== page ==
GARRETT REISMAN: There's a tremendous amount of science that comes out of space exploration.
One is the scientific benefit that we get from understanding our solar system, understanding the composition and the makeup of all the other planets and the other bodies in our solar system. Our sun. We learn a lot about the Earth. We look back at the Earth with space assets. We learn about how the earth is changing, what's happening with climate change, all that kind of stuff. Then there are all the spinoffs and your Velcro, which wasn't actually invented for the space program. I don't think Tang was either but there's plenty of other things like smoke alarms, MRIs, cordless drills, all kinds of those wonderful things that we like to brag about.
To me that's actually not a very good justification for space exploration, and I'll tell you why because we could do those things by having targeted R&D research for industrial and commercial applications probably more cost effectively.
So it is true that we get lots of spinoffs, but I think the science return that we get from space exploration is actually much more important than any kind of spinoff. But there's yet another reason I think trumps all those, which is the fact that, I'll put it to you very flippantly. There's an old joke about why did the dinosaurs go extinct, and it's because they didn't have a space program, okay. So if you take the very, very big picture view, the very, very long view of this kind of on geological time, it's about survival of the species. The earth is fantastic and we need to do a much better job of taking care of it because I could tell you there's no other place that we know of in the entire universe that is as well suited for human life as this planet. That's why we evolved here and we have been evolving for eons to get to this point. And we've evolved in this environment, so this is our home. This is what we are made for. We're not going to find something better for us out there. We need to take care this place. However, again if you look at the very, very big picture, this place as wonderful as it is is not going to last forever. I mean at a minimum eventually the Sun is going to basically explode and the solar system is going to change and it won't be a hospitable place for any of us.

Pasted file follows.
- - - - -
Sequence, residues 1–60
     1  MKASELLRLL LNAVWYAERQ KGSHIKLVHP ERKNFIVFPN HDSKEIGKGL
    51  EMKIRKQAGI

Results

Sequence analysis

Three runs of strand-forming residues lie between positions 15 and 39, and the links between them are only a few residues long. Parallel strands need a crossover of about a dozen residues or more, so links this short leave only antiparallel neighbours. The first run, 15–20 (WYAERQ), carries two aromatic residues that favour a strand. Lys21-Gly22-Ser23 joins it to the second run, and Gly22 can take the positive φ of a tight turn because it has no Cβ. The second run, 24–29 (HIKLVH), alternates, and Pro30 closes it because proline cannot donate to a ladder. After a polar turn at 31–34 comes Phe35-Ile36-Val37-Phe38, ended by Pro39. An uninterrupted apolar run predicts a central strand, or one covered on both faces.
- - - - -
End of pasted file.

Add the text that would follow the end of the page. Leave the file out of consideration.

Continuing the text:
Now if my kids are watching, do not be scared. Don't stay up all night and have nightmares about what I just said because we're talking about so far in the future that that's not something we have to worry about right now at all. There are other things. There have been many extinction events in the course of the earth's history. I think there have been about seven of them. The one everybody knows about is the extinction that took out all the dinosaurs. And there's a lot of different ways that can happen.
You can get hit by an asteroid. You can have a super volcano that could throw up so much stuff into the atmosphere that we can have the extinction of life on Earth. There's a lot of ways that can happen. And by the way the most probable way that we will have another mass extinction event on Earth is that if humans cause it ourselves. And we've been doing a pretty good job of that with climate change. Now for hundreds of years we've been putting all these greenhouse gases into the atmosphere, and if we keep doing that and don't do anything about it we will eventually make the earth uninhabitable and we will go extinct.
So there's all these reasons why this place, as perfect as it is, will not last forever. And so I look at space exploration as the ultimate Plan B. That if we have humans both on Earth and on Mars or other places inside our solar system, then if there is one of these extinction events, and that other colony is self-sustaining, that the species will survive. So if you look at it as a survival question, I think that might be the strongest justification for spreading human life beyond just Earth.